In 1964 Pat endured a terrifying ordeal. The Congo had gained independence in 1960, and in 1964 guerilla forces, the Simbas (Swahili for ‘lions’) rose up against the national army and sitting President. The rebels carried out massacres of both local people and foreigners. Initially the trouble was far away from Pat and she wrote a reassuring letter home to her parents telling them not to worry. And then there was silence.
Pat and another woman missionary were at an isolated station deep in the jungle when they heard on their transistor radio that the nearby capitol, Stanleyville, had been seized by the rebels. Pat went to her room to pray and clearly heard God say to her, “You are going to suffer and see dreadful things, but you will be rescued and will see your parents again”. These words sustained her in coming months.
That night some Americans took the two women further north to a mission station in Wamba, but a week later Wamba fell to the rebels. Pat and two other women missionaries were put under house arrest for four and a half months, enduring beatings and abuse several times and under threat of imminent execution. Around this time it was erroneously reported in Auckland newspapers that Pat had been killed .
The women hostages were taken by the rebels into the jungle and put into a village hut. Some mercenaries were alerted to their situation and mounted a rescue. When the rebels heard the noise of the mercenaries’ helicopter, they led the women outside to be shot. The words of Psalm 61:2 came to Pat’s mind, “From the end of the earth I will cry unto thee when my heart is overwhelmed. Lead me to the rock that is higher than I.”  Immediately, Pat felt peace. Within minutes the rescuers arrived, and the rebels fled.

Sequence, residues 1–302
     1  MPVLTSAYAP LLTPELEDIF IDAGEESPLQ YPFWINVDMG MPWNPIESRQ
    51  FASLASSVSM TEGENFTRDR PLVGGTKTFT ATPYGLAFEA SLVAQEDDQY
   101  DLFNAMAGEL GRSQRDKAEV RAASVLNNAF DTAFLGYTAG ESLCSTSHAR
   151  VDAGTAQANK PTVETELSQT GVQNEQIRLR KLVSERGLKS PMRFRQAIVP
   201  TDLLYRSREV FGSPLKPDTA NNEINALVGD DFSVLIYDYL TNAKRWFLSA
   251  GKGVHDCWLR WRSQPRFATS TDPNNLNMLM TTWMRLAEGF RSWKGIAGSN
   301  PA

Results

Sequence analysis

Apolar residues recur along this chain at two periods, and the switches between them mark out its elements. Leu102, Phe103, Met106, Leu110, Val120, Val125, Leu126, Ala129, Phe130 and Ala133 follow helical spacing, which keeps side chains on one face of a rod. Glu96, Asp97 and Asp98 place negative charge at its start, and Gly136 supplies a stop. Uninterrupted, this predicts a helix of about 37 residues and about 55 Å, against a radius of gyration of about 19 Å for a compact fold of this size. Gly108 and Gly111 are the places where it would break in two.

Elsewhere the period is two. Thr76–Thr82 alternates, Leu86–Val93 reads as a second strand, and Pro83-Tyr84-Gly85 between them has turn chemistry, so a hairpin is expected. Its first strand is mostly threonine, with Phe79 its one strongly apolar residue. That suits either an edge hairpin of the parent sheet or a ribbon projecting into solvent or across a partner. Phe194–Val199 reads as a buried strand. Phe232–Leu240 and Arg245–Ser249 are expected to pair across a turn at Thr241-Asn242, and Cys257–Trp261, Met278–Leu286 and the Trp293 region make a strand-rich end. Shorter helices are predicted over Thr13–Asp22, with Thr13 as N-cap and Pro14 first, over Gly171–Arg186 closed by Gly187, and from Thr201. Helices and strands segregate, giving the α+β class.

All up 30 WEC missionaries were held hostage in the north-eastern area of the Congo – many escaping by various means; all with differing tales of brutality, yet also amazing stories of God’s intervention. Some did not return – one a fellow Kiwi and NZBTI graduate of 1941, Cyril Taylor was shot alongside other hostages by the rebels.
Repatriated to NZ, Pat spent some years caring for her frail stepmother but then returned to the Congo (now Zaire) in 1973 for a further 18 years. At age 66 she retired back to NZ, and volunteered in the ministries of Mt Albert Baptist, the church she had attended since age 17. She joined the pastoral visitation team, helped with a support group for those aged over sixty, and taught beginner English in the church’s ESOL classes. Pat passed away in 2019, a few weeks after turning 94.
 Letter quoted in article “Miss Holdaway led busy life serving in Congo”, Mt Albert and Pt Chev News, 14 October 1964
 Quote from an interview of Pat Holdaway by Kay Lawson, “World Changer” in a Mt Albert Baptist newsletter, 2010
 “Mr and Mrs K.M. Holdaway of St Luke’s Road, Mt Albert, recently received the tragic news of the death of their daughter, Miss Pat Holdaway, who was a missionary in the Congo and was killed by the rebels”; subheading of article: “Miss Holdaway led busy life serving in Congo”, Mt Albert and Pt Chev News, 14 October 1964
 As quoted in interview with Kay Lawson, in Mt Albert Baptist newsletter, 2010
 The account of Cyril’s death is given by Dr Helen Roseveare in Living Stones: Seventy-Five years of WEC International (Hodder & Stoughton, London), 160-161